BSCF's Comments on the Conservation Area ConsultationDetailed Response to Conservation Araa Appraisal
Conservation Area Appraisal - Map of the Five Areas
The Conservation Team
East Herts District Council
Wallfields, Pegs Lane
Bishop's Stortford Conservation Area Appraisal
I write on behalf of the Bishop’s Stortford Civic Federation and enclose its response to this consultation in the form of detailed comments on each area defined in the draft Appraisal document. Each defined area has been analysed by residents who live there and are extremely familiar with the area and its features.
Firstly, we would like to congratulate the author of the draft on producing a very interesting document. The Civic Federation welcomes this long-awaited Appraisal and looks forward to working with Conservation Officers to preserve and enhance the town’s heritage assets.
We would like to see included in the document greater depth of detail evidencing the town’s local distinctiveness. We feel this is vital to ensure developers recognise and understand the nature and character of our town.
We would suggest the following for inclusion at the end of paragraph 5.1:
The town centre still retains its Saxon street layout and is characterised by a mixture of fine buildings of relatively low height representing several eras of architectural design, giving it a human scale. The fine Georgian town houses of North Street, interspersed with older buildings dating back to the 16th buildings heading towards and along Potter Street, indicating the town’s long heritage. The welcoming and friendly atmosphere is evidence that local residents are justly proud of their ancient market town as a setting for buildings so deserving of preservation. Where opportunities for development exist, only those which are sensitive to and enhance this historic background should be considered. Proposals contained in the Appraisal appear sensible and sensitive to the specific heritage of the historic core of the town. The proposed additions of 41 non-listed buildings of important architectural or historic interest are supported. Most of the proposed additions will serve to ensure that street facades and interesting roof lines are preserved. Some potential additions are proposed and these are covered in the enclosed analyses of each defined Area. We also suggest additional areas which should be considered as extensions to the current Conservation Area. These include Warwick Road, Elm Grove, Hadham Road and Dane O’Coys/Cricketfield Lane.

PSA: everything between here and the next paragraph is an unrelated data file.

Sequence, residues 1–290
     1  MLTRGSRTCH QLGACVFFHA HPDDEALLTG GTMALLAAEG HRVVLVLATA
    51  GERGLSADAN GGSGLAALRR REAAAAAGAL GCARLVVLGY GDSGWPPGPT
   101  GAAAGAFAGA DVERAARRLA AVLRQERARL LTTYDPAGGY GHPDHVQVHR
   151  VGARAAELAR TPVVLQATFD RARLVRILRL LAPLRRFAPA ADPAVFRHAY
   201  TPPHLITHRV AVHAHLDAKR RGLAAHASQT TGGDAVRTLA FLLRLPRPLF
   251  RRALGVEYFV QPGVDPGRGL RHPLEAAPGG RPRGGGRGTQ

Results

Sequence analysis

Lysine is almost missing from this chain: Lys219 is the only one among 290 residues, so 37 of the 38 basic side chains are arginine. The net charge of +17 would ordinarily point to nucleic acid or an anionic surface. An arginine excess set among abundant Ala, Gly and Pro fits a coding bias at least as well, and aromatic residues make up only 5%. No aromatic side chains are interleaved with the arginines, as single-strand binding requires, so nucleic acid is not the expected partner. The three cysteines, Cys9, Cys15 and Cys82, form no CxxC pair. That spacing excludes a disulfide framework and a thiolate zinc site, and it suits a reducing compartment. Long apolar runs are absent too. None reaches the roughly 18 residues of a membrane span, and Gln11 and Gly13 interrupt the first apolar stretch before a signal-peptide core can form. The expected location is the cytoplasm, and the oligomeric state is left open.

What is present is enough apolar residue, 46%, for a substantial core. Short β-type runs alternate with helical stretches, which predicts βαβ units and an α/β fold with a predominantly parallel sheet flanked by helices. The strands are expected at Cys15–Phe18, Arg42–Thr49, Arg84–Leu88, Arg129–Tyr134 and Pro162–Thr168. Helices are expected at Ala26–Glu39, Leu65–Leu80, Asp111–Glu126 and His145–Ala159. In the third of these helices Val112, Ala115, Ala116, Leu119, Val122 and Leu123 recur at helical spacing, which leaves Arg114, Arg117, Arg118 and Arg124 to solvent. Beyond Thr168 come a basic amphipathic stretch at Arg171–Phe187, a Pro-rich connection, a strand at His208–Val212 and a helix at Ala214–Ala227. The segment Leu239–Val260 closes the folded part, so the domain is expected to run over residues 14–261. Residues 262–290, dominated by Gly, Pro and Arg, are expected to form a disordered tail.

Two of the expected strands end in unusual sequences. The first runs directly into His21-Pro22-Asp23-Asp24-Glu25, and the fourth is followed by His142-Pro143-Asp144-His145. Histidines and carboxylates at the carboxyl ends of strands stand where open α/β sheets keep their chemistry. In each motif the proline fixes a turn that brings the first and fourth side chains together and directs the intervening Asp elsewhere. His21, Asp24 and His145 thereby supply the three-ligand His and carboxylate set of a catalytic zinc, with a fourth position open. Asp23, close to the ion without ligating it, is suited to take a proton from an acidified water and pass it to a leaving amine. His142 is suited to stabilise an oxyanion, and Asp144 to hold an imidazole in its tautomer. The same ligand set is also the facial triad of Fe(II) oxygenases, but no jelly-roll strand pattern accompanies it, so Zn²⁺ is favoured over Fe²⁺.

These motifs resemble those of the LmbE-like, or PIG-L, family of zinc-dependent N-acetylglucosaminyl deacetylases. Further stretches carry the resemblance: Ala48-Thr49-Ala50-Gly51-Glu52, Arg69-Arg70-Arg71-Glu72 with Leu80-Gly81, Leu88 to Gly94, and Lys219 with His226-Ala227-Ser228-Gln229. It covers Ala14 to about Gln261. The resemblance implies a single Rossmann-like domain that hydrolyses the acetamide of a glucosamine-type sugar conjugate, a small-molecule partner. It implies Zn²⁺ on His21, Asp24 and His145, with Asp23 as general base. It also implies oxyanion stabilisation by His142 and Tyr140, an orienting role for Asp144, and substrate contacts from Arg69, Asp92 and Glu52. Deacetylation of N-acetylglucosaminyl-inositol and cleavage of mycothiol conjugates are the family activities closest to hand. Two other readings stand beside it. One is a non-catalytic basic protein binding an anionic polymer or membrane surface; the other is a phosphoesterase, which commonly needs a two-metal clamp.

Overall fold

In addition to the excellent proposals for preserving and improving ‘other distinctive features that make an important architectural or historic contribution’ (ie walls, steps etc), we would ask that consideration be given to restoring the pavements in some streets to their original form, thus ensuring these streets reflect their historic and aesthetic value from ground level and up through walls, to roofs. An example is Church Street, where paving slabs have been replaced by tarmac, which is totally out of keeping with the Victorian facades. This detracts from the distinctive character of the street.
In summary, we would like to see:
- more robust treatment of buildings which detract from and are out of keeping with the general nature of the Conservation Area ie suggestions for replacement with more attractive buildings more appropriate to their location if ever the opportunity arises to correct the planning mistakes of the past eg Telephone Exchange, Boots the Chemist, Lloyds Bank.
- suggested locations where schemes to assist bringing houses/streets back to their former appearance could be encouraged. (eg para 6.54 ‘the quality of several 19th early 20th century terraces has been detrimentally eroded by permitted development’). Such schemes might encourage certain types of replacement windows, doors etc.
- planning officers insisting on the use of quality building materials in any new developments to avoid the disharmony caused by cheap bricks, windowframes etc seen in many locations in recent years.
- We would like to see more consistency of signage, shopfronts, street scene in the main shopping areas and steps taken to remove garish signs which detract from the historic atmosphere. Also restoration of original ‘quality’ stone paving in more areas eg Bridge Street, Church Street to enhance the setting of listed buildings.
Throughout the document, the author refers to ‘formal protection’ being provided by ‘existing planning controls’. We are less than convinced that existing planning controls have proved robust enough in the past and hope steps are taken to ensure planning officers pay close attention to this.
Finally, we seek your assurance that the Conservation Area Appraisal will be reviewed more frequently than the 17 years that have elapsed since the last review. We feel the next review should be in 5 years’ time, in line with English Heritage recommendations.